FORT IRWIN, Calif. – Soldiers from the U.S. military’s premier all hazards command enabled the 3rd Infantry Division’s 2nd Armored Brigade Combat Team to defeat enemy forces in a contested environment where chemical, biological, radiological, nuclear and explosive hazards could be used to harm friendly forces and hinder combat operations.
American Soldiers from the 92nd Chemical Company (Hazardous Response) “Rock Steady” and the 756th Ordnance Company (Explosive Ordnance Disposal) “Blasters” supported the 2nd ABCT, 3rd Infantry Division, during Decisive Action Rotation 23-05 at the National Training Center (NTC) on Fort Irwin, California.
U.S. Army combat units hone their warfighting skills against fierce opposition forces from the 11th Armored Cavalry Regiment during combat training rotations in the “the box” – shorthand for the Mojave Desert training center that is almost as big as the state of Rhode Island.
The 92nd Chemical Company (Hazardous Response) is part of the 83rd Chemical, Biological, Radiological, Nuclear (CBRN) Battalion, 48th Chemical Brigade and 20th Chemical, Biological, Radiological, Nuclear, Explosives (CBRNE) Command, the U.S. military’s premier all hazards command.
The 756th Ordnance Company (EOD) is part of the 184th EOD Battalion, 52nd EOD Group and 20th CBRNE Command.
Like the 2nd Armored Brigade Combat Team and 3rd Infantry Division, both 20th CBRNE Command companies are based on Fort Stewart, Georgia.
From 19 bases in 16 states, Soldiers and Army civilians from 20th CBRNE Command take on the world’s most dangerous hazards in support of joint, interagency and allied operations.
As the U.S. Army has transitioned from decades of counterinsurgency operations, training rotations are focused on preparing maneuver units for large-scale combat operations against an enemy that could use chemical, biological, radiological and nuclear weapons.
U.S. Army 1st Sgt. Albert E. Lamont, the senior enlisted leader for the 92nd CBRN Company (Hazardous Response), said the integration into the 2nd ABCT started in August.
The training prior to the rotation included aircraft decontamination, CBRN detection for a wet gap crossing operation and an integrated command post exercise.
“These events were executed within six months of our deployment to NTC and ensured a seamless integration was accomplished,” said Lamont, who is originally from Detroit and has deployed to Cuba, Haiti, Iraq, Africa and South Korea.
Capt. Donovan G. Coleman, the commander of the 92nd CBRN Company, said the training rotation was focused on integrating enabling forces into the 2nd ABCT.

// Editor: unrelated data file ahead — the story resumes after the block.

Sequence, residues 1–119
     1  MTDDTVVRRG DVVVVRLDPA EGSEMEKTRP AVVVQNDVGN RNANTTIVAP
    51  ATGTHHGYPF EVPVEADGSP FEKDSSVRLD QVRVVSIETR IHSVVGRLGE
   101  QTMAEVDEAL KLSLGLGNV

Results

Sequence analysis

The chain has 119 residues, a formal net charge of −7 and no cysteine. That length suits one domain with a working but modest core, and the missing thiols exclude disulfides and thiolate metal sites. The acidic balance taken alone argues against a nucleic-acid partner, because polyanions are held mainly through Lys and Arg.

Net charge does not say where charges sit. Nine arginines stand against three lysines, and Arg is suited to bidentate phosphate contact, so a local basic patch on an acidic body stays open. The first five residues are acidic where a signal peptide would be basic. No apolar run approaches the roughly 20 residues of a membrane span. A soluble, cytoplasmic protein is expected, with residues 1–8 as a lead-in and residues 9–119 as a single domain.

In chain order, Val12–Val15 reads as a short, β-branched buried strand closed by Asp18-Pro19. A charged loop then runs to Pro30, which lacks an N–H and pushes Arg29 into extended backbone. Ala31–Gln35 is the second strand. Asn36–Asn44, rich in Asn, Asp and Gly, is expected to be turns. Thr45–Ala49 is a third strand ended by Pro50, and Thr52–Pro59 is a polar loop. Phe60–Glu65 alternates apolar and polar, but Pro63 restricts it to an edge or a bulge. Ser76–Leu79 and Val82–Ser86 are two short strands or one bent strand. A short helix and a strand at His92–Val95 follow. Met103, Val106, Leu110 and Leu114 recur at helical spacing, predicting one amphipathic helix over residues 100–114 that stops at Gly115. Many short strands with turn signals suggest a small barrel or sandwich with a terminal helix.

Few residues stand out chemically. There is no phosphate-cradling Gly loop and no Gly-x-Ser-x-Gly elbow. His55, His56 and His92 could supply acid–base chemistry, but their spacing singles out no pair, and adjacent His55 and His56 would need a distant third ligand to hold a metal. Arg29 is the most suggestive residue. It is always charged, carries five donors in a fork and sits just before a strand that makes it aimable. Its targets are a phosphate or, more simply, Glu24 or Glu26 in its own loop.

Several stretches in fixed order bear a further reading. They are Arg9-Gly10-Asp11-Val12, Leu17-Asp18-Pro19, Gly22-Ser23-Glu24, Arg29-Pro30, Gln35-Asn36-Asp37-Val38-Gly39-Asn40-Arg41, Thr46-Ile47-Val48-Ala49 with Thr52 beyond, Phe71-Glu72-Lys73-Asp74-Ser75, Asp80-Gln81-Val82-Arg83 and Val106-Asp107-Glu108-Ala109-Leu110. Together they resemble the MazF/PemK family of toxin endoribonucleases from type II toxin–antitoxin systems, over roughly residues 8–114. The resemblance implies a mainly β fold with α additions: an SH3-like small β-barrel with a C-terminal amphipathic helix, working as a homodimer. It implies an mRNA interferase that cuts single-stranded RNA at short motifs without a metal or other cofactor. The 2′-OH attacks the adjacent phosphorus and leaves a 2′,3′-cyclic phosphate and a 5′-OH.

“Although not organic to the brigade, each of us brought a unique but invaluable asset to the fight,” said Coleman, an Afghanistan veteran from Huntsville, Alabama. “The 92nd Chemical Company (Hazardous Response) brought mounted and dismounted reconnaissance, detailed troop and equipment decontamination and sensitive site analysis.”
Coleman said his company also met with a Kazakhstan CBRN cell at NTC. The 92nd Chemical Company demonstrated equipment and decontamination techniques while also exchanging handshakes and unit patches with the Kazakh military leaders.
U.S. Army EOD 1st Sgt. Henry J. Charles, the first sergeant for the 756th EOD Company, said his EOD techs not only train for combat operations but also take on domestic response missions.
“We provide EOD support to our local installation at Fort Stewart, Ga., as well as our local law enforcement and civil authorities in an area of responsibility, covering the states of Georgia, parts of Florida and South Carolina,” said Charles, a native of Fort Lauderdale, Fla., who has served in the Army for 20 years and deployed to Afghanistan twice, Iraq once and Qatar once. He also graduated from Southern New Hampshire University in Manchester, New Hampshire.
“Our mission is to protect personnel and property against explosive threats and hazards,” said Charles. “We also provide EOD support to the United State Secret Service for the protection of U.S. and foreign dignitaries.”
Capt. Jose G. Matos, the commander of the 756th Ordnance Company, said the NTC rotation enabled “the Blasters” to integrate and provide continuous support to the 2nd ABCT.
“Our training scenarios were tailored to prepare our Soldiers to support maneuver units during large-scale combat operations against a near-peer threat with a heavy emphasis on military munitions to include both foreign and domestic,” said Matos, a graduate of Interamerican University of Puerto Rico who is originally from Guaynabo, Puerto Rico.
Matos has served in the Army for seven years after serving in the U.S. Navy and Naval Reserves for eight years and deploying twice on the aircraft carrier USS Abraham Lincoln (CVN 72).
Matos said his EOD technicians trained for a wide variety of missions during the NTC rotation, from defeating explosive devices and rendering safe lodged projectiles to destroying enemy weapons caches and clearing booby traps.
“We will utilize the lessons learned during this NTC rotation to continue to optimize the way we integrate at echelon, empower our unit leadership, conduct mission-focused training and emphasize the importance of maintenance to build sustainable unit readiness, increase combat power and prepare for our next assigned mission,” said Matos.